My sister and I had both endured incredibly long flights to Bergen, Norway, and we were both exhausted by the time we landed at around 2 PM local time. As soon as we arrived, we headed to the Hertz car rental center inside the airport to pick up our rental car. Renting a car was the most practical option for us, as we had planned to visit multiple cities to see fjords located hours away from each other during our trip, and we didn’t want to be confined to a bus schedule since we only had three days in the fjords. Once we picked up our rental car, we drove to Bergen and headed straight to a traditional Norwegian restaurant for some authentic Norwegian cuisine. The food was plain and simple, but filling. Afterward, we spent some time exploring different sights in Bergen. We walked to Bryggen, the harbourfront, and checked out the outdoor food market near there. We also climbed the steps to Johanneskirken, or St. John’s Church, which was built between 1891-1894 and is the largest church in Bergen. Because the city wasn’t very large, we were able to walk around most of it in the time we spent there.
Next, we drove to the Edward Grieg museum, located 10 km outside of Bergen city centre. Edward Grieg is a composer and pianist who heavily influenced my sister’s music career. The museum was located in the first building you come across as you approach the site, but you can also visit the actual house Edvard Grieg lived in and walk around the courtyard surrounding his house. We spent some time exploring the area outside of his house and found a path leading to the fjord behind his house, which was a breathtaking sight.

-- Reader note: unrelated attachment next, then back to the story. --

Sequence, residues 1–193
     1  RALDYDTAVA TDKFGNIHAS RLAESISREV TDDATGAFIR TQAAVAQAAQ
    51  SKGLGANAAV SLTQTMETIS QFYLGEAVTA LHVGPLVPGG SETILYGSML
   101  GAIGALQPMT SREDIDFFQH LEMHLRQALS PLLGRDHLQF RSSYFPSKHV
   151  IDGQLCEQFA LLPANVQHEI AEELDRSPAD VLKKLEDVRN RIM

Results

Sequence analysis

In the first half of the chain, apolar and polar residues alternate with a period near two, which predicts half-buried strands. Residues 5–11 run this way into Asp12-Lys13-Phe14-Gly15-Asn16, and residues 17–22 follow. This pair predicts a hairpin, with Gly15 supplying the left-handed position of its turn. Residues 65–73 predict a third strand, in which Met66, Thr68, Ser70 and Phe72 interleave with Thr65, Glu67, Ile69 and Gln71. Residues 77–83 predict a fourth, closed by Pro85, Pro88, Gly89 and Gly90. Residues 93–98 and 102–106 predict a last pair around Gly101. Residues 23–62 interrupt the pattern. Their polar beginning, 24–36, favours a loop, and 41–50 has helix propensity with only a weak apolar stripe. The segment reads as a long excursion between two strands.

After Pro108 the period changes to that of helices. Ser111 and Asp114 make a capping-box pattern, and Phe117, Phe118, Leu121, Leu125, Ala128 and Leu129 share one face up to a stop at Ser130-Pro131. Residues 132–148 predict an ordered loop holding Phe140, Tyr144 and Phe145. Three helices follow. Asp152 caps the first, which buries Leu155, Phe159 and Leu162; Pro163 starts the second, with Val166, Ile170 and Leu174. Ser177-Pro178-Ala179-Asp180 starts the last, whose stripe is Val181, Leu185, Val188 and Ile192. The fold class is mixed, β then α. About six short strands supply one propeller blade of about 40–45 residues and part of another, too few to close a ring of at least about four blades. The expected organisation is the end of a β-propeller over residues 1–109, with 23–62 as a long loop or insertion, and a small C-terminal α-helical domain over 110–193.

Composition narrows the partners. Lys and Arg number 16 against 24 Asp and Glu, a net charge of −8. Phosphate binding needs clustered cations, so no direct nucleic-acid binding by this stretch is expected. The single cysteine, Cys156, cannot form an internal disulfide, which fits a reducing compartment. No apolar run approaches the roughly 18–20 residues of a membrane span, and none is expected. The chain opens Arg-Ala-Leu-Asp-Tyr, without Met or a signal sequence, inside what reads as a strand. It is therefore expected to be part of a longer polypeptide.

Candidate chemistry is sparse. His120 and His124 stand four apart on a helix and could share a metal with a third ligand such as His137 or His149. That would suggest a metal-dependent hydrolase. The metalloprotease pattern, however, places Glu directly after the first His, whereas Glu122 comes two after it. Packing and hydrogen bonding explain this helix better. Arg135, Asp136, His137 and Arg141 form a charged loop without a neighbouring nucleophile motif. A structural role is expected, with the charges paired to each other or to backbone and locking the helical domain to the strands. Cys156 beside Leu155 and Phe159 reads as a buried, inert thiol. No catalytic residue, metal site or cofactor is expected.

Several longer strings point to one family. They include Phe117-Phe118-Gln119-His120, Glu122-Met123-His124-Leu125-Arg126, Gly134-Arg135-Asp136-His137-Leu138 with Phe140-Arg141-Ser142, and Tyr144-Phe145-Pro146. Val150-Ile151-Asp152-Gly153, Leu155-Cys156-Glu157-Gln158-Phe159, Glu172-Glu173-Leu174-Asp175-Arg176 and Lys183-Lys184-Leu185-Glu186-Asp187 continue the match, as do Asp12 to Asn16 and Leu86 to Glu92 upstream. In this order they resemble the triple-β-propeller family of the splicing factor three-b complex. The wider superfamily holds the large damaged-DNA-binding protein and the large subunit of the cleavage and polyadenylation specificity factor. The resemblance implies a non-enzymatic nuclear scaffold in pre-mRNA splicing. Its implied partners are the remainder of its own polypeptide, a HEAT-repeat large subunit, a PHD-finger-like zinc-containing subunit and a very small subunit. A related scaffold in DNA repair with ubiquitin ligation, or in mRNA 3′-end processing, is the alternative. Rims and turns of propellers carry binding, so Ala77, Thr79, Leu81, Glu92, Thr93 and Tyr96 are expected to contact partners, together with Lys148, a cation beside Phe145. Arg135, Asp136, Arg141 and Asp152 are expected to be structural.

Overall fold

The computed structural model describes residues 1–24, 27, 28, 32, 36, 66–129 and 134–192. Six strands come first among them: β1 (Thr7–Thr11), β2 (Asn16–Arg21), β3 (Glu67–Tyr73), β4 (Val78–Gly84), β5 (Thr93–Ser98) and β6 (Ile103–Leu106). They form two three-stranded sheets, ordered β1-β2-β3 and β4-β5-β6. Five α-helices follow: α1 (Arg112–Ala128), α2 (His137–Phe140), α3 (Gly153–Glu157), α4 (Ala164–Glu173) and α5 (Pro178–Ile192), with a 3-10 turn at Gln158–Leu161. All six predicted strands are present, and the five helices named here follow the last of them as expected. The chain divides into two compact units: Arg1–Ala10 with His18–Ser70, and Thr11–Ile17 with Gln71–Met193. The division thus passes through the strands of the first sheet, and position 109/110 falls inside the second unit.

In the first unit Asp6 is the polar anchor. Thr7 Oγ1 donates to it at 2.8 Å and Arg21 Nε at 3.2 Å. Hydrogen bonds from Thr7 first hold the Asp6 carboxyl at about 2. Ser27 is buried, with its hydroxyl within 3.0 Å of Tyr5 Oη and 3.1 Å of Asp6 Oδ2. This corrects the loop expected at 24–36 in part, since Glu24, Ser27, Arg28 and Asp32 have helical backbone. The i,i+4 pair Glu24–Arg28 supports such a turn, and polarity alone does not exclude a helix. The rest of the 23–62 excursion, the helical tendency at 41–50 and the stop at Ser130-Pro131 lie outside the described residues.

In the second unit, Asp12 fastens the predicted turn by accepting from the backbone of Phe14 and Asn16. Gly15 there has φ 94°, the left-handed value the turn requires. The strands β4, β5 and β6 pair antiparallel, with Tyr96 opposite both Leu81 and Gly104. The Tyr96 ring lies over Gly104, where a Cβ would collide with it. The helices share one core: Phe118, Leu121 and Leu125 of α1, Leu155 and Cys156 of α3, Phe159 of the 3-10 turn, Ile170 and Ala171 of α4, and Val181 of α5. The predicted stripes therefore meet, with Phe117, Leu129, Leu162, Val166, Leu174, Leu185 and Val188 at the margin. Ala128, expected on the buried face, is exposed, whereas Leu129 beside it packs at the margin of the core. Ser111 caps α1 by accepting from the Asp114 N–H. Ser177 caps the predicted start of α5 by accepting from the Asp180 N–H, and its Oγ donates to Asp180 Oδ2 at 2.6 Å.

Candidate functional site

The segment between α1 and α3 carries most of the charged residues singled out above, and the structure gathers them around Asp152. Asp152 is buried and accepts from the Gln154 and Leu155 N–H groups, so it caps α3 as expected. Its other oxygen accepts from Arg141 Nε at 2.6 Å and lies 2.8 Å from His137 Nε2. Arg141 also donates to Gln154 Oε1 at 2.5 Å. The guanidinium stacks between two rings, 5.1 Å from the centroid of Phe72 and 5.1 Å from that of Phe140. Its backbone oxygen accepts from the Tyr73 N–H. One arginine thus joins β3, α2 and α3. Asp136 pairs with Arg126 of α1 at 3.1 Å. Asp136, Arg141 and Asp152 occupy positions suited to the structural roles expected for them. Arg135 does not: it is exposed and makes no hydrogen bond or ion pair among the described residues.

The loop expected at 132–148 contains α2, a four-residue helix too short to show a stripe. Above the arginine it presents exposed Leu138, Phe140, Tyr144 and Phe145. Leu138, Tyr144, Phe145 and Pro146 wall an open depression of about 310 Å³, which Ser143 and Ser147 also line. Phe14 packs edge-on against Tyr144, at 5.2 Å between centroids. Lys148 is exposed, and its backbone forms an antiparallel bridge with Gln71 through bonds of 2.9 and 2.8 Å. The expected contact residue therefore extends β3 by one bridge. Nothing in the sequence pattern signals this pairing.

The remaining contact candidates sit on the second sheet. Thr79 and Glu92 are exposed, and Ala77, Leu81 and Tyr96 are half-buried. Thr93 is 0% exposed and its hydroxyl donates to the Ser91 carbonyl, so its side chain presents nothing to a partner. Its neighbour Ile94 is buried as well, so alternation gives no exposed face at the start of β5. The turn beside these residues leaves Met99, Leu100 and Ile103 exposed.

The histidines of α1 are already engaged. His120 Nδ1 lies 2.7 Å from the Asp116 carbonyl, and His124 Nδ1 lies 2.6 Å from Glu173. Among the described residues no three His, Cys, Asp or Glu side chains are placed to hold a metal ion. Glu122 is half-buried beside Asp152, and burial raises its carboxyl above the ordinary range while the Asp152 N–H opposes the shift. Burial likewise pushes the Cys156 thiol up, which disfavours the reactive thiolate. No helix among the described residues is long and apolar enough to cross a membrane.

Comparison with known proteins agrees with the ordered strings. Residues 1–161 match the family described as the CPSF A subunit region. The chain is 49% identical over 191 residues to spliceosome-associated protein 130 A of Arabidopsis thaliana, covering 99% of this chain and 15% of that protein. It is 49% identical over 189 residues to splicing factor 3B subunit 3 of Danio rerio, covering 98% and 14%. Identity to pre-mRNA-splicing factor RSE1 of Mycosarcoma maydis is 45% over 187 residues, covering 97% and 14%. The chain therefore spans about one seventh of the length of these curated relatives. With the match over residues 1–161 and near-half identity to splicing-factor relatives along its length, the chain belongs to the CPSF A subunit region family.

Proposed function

**As a side note about driving, Bergen has many roundabouts on their roads, which was very confusing for us at first, especially since we had not researched driving rules in advance. We had a hard time figuring out when it was our turn to go through the roundabout, and the cars drove relatively quickly. We were also caught in a dangerous situation when we couldn’t control the windshield while going through a heavily precipitated tunnel, so we highly recommend reading up on country-specific driving rules and familiarizing yourself with your rental car before visiting any new country! You can find Norway driving rules here.**
After going to the museum, we began our three hour drive to our accommodation in Odda. Since our trip was in July, we were fortunate to experience longer daylight hours, which means more opportunities to see the sights. It usually didn’t start to get dark until 10-11 PM. Thus, when we drove to Odda in the evening, we were still able to see the scenery around us. We ended up stopping numerous times at observation spots along the way for waterfalls, fjords, escarpments, and more. The most notable sight along this drive was Latefossen, a large waterfall that seemed to crash down right onto the road. There is a tunnel running underneath the road where the water escapes to and continues to flow out on the other side of the road.
One thing we didn’t realize on our drive from Bergen to Odda was that we would have to take a car ferry across a fjord to reach Odda, which would save us an additional three hour detour around the fjord. The ferry doesn’t run very frequently, depending on the season and on the weather, so make sure you check the ferry schedule ahead of time. You do not need to book your ticket in advance, as there will be an attendant walking around with a credit card machine collecting payment once you arrive on the boat. You can either remain sitting in your car the whole way, or you can get out and walk around the inside of the boat, use the restrooms, or walk to the upper deck where you’ll find the beautiful view below. Luckily, we made it onto the ferry on its last run across the fjord that day, just in time to experience some sunset views over the water.